The Road to Serfdom and Rand

 The Road to SerfRanddom

I have always enjoyed chapter 10 of Friedrich Hayek’s Road to Serfdom — “Why the worst get on top.” Always referring to the last quarter century or so since I first read it. Hayek’s argument struck me immediately as  watertight but I was puzzled that he seemed to exempt his own preferred collective from his argument. Maybe he just wanted to slip it past the unwary?

Individuals may be individuals but individualists are a collective. Harold Rosenberg coined a fine phrase for such collectives: “the herd of independent minds.” Whether we call it capitalism or free enterprise, the individualist’s Utopia meets Hayek’s definition of collectivism: “The ‘social goal,’ or ‘common purpose,’ for which society is to be organized is usually vaguely described as the ‘common good,’ the ‘general welfare,’ or the ‘general interest.'” 

We can be less vague in describing the social goal of capitalist society: the accumulation of capital. Does that goal not seem collectivist enough? O.K., then let’s be vaguer and call it economic growth. That way, the people on top can claim to be pursuing the general welfare by promoting the accumulation of capital. Capitalism is collectivist.

Why does organizing society for a common social goal favour the worst? In the first place, success is not guaranteed. When democratic leaders run into obstacles in achieving the plan, they face a choice of giving up or of assuming extraordinary powers. When a dictator faces that choice, the choice is between “disregard of ordinary morals or failure.” That is why “the unscrupulous and uninhibited are likely to be more successful in a society tending toward totalitarianism.” Sound familiar?

How do these unscrupulous and uninhibited people manage to rise to the top? Hayek gave three reasons why a “numerous and strong group with fairly homogenous views,” large enough to impose its views on society, “is not likely to be formed from the best but rather by the worst elements of any society”:

  1. “the lowest common denominator [of moral and intellectual standards] unites the largest number of people.”
  2. “those whose whose vague and imperfectly formed ideas are easily swayed and whose passions and emotions are readily aroused… will swell the ranks…”
  3. “it is easier for people to agree on a negative program — on the hatred of an enemy or envy of those better off [or of those worse off!] — than on any positive task.”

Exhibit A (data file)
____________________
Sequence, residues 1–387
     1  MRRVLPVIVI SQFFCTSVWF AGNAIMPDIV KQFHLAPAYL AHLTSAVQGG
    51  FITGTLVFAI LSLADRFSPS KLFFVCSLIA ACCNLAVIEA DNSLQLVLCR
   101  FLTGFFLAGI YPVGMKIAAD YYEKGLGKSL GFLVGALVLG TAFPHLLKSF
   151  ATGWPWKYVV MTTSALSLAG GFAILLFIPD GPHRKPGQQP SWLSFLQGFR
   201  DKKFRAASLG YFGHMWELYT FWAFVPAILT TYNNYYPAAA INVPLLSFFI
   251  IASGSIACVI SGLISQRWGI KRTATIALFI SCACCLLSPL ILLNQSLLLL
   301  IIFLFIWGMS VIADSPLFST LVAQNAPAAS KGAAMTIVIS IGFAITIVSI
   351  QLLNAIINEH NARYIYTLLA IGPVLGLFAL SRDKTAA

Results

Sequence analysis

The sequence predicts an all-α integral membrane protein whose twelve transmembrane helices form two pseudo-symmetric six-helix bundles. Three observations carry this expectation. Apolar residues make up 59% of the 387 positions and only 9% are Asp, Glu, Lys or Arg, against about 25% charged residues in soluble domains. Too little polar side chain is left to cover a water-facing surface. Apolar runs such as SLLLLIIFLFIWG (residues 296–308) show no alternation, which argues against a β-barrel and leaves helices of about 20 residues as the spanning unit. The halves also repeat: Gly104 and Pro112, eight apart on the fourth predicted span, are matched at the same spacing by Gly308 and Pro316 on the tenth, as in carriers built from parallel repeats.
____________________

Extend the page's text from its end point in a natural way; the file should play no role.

Sound familiar? 

What brings me to Hayek is Immanuel Kant, “the most evil man in mankind’s history.” Hayek’s epistemology was neo-Kantian. One might think that the extreme contradiction between Ayn Rand and Fred Hayek, the two libertarian icons, would lead to some kind of open rupture. But no. Even evangelical anti-abortionists have no problem embracing sound bites from the pro-abortion, atheist Rand when it helps them attack the critical race theory enemy. They just let icons be icons.
Do you think First Liberty Institute would mind that their anti-Kant rant echoes a 1960 Ayn Rand lecture titled “Faith and Force: The Destroyers of the Modern World?” I asked them. I’ll let you know if they reply. Here’s the view of a religious group from the other side of the spectrum:

There’s always the danger that watching all the Ayn Rand interviews and reading the lectures and newsletter articles from the 1960s will turn me into an objectivist. But not really. I am amused and mildly charmed by her chutzpah but I cannot be seduced by her borscht-circuit philosophy. Rand inverted Leninism to construct a myth where everyman is free to be Lenin, independent of the Party or the State (but not of the cult and its omniscient creator, Ayn Rand). 

In practice, the objectivist is no different from what Rosenberg called “the heroes of Marxist science.” One can paraphrase Rosenberg’s description, simply substituting the word “Objectivist” for “Communist”: “The Objectivist belongs to an elite of the knowing. Thus he is an intellectual. But since all truth has been automatically bestowed upon him by his adherence to Objectivism, he is an intellectual who need not think.”

The backstory on Ayn Rand is that she got the meat of her “philosophy” from New York Herald Tribune columnist, Isabel Paterson, whom she met in 1940 during the Wendell Willkie campaign. Rand was enthralled by Paterson’s erudition. For the next eight years, I.M.P., as she signed her columns, became her mentor. Rand was not well-read; Paterson was a bookworm. Rand sat at Pat’s feet and imbibed the individualist creed.

Paterson was a remarkable woman. She set a flight altitude world record for women less than a decade after the Wright brothers flew at Kitty Hawk. After two years of formal schooling, she became a nationally-syndicated reviewer of books. She wrote several novels and a philosophical/political/economic manifesto on individualism. With a few elaborations and vulgarizations, Paterson’s manifesto, The God of the Machine, was canonized as Rand’s philosophy.